Jesus seems to change the subject when He asks the woman, “Go, call your husband, and come here.” Jesus calls forth the confession of her sin as having five husbands and now one more. Just so, I used to think that the woman likewise used the tactic of changing the subject. But it’s better than that. Having rightly perceived that Jesus must be some sort of prophet because He knows about her sinful life, she begins a discussion on religion and the proper place of worship. This was a hot issue between Samaritans who worship on Mt. Gerazim and Jews who worship in Jerusalem. But now Jesus redirects her attention saying the question is not where one worships but of whom one worships. He says, “the hour is coming, and is now here, when the true worshipers will worship the Father in Spirit and Truth.” As Nicodemus learned that the Christian faith is the result of being born again by water and the Holy Spirit, now we with this woman learn that the Father is seeking such people to worship Him “in Spirit and Truth,” that is, in faith created and given by the Holy Spirit through the Truth who is Jesus. Remember how He said, “I am the way, the truth and the life.” So, you see the answer to our questions: What is the gift of God? It is Jesus. Who is it that gives living water? It is Jesus. What is this living water? It is Jesus.

Now when the woman mentions the possibility of God’s promise in sending the Messiah, the Christ, Jesus tells her straight out using the very name of God, saying, “I AM,” “I AM He speaking with you now.”

In Holy Baptism you are born again, given new life by God’s gift of faith. And this faith has an object, namely the Lord Jesus Christ, the only-begotten Son of God…being of one substance with the Father, by whom all things were made.” Yet also “who for us men and for our salvation came down from heaven and was incarnate by the Holy Spirit of the virgin Mary and was made man.” In our human flesh He “was crucified also for us under Pontius Pilate. He suffered and was buried.” Nevertheless on the third day He rose again to life.

“In one Spirit we [are] all baptized into one body…and all [are] made to drink of one Spirit” says the Apostle Paul (1 Cor 12:13). The Samaritan woman came to begin to believe that Jesus is the promised Messiah, Christ, Savior. St. John ends the story, saying, “Many Samaritans from that town believed in him because of the woman’s testimony, ‘He told me all that I ever did.’ So when the Samaritans came to him, they asked him to stay with them, and he stayed there two days.” So do we all need time to learn from Him. The result: “many more believed because of his word. They said to the woman, ‘It is no longer because of what you said that we believe, for we have heard for ourselves, and we know that this is indeed the Savior of the world.’” It is to this mighty, life-giving confession of faith that our baptism into Christ is leading.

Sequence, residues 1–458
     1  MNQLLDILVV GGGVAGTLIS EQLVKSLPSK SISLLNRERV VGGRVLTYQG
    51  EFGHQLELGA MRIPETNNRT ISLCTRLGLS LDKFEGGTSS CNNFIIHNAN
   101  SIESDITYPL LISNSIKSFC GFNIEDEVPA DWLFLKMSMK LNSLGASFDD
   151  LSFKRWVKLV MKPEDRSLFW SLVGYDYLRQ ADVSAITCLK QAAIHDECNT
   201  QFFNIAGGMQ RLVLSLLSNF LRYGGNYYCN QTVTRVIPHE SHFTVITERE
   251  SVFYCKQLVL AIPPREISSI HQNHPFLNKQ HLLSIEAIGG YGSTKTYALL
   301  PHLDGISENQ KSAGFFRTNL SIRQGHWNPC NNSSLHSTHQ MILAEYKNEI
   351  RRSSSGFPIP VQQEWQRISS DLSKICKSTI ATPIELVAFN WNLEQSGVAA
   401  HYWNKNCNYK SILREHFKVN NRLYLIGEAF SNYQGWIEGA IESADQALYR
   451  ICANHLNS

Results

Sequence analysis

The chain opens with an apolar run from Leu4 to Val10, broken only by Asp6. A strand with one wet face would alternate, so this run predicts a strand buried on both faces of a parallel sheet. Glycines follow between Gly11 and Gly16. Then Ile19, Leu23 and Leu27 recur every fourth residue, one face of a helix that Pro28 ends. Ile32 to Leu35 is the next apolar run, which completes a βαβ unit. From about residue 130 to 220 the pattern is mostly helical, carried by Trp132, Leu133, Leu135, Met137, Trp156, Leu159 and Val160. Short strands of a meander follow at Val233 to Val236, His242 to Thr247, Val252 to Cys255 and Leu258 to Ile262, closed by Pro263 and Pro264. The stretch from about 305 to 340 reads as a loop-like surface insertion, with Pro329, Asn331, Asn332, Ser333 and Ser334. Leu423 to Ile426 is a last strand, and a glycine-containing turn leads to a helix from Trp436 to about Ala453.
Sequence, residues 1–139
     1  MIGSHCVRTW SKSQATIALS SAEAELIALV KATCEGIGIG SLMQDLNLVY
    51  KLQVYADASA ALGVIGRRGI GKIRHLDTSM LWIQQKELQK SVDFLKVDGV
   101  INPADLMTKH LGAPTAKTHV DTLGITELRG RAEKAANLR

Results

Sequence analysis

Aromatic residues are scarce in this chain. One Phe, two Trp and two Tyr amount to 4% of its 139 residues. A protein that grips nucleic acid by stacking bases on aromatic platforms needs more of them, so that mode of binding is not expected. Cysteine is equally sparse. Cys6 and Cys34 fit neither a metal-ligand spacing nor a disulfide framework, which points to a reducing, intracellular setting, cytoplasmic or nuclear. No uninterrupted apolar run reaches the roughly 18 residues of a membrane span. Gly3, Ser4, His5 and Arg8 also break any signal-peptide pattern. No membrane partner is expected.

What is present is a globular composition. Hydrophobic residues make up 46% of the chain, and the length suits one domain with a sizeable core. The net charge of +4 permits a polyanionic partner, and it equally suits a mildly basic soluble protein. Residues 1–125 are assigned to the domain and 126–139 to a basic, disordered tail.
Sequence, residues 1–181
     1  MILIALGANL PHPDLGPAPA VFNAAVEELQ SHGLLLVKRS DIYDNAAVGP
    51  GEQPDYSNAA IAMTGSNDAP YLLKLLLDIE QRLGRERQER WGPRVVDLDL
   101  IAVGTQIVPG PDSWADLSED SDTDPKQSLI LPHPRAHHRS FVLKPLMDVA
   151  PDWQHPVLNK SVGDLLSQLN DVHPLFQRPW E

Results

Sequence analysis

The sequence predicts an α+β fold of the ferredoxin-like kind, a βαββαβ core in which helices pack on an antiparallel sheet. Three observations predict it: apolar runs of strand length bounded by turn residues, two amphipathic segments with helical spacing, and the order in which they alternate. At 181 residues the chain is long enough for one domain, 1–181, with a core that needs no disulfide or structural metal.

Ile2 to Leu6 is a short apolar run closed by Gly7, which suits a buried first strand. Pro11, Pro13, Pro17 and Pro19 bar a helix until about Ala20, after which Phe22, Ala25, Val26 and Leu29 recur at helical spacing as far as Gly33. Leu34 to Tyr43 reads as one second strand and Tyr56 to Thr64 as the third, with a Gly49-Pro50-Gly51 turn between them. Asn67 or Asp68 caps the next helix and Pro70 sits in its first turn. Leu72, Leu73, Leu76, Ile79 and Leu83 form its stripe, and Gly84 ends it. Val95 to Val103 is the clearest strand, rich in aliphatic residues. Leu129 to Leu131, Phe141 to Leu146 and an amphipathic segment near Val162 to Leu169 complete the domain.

Thy Kingdom Come: You Must Be Born Again

Text: John 3:1-17
Date: Lent II + 3/12/17

The road to becoming a Christian begins with this: you cannot just join up, you cannot just change your actions, you cannot just cover over your sin. The road to becoming a Christian begins with this: You Must Be Born Again. That is, you must be changed, be made totally new. That which is born of the flesh is flesh. You didn’t have anything to do with that. You must be born now from above. You also don’t have anything to do with that! Those who are born again, from above are born of God and have been given the gift of faith, faith in God, faith in His Word. Continue reading Thy Kingdom Come: You Must Be Born Again

Thy Kingdom Come: The Kingdom Ours Remaineth

Text: Romans 5:12-19
Date: Lent I + 3/5/17

Today, especially in this first year of our three-year lectionary, we are blessed to begin again the ancient journey of the catechumenate, the starting line of the Christian race of faith, the journey of beginning to discover what it means to be a Christian. The catechumenate is guided by the ancient traditional gospels from St. John. For those going through this journey for the first time it will culminate in the Sacrament of Holy Baptism at the Vigil of the Eve of Easter. (Shhh! Don’t tell the new ones what to expect!) For the rest of us it is to be like going back to our beginnings, to rediscover the miracle and freshness of faith and the joy of our new spiritual birth (John 3), of satisfying our spiritual thirst (John 4), of regaining our spiritual vision (John 9), and of overcoming the last enemy of death (John 11). Continue reading Thy Kingdom Come: The Kingdom Ours Remaineth

Thy Kingdom Come: What Glory Shall Be Theirs Above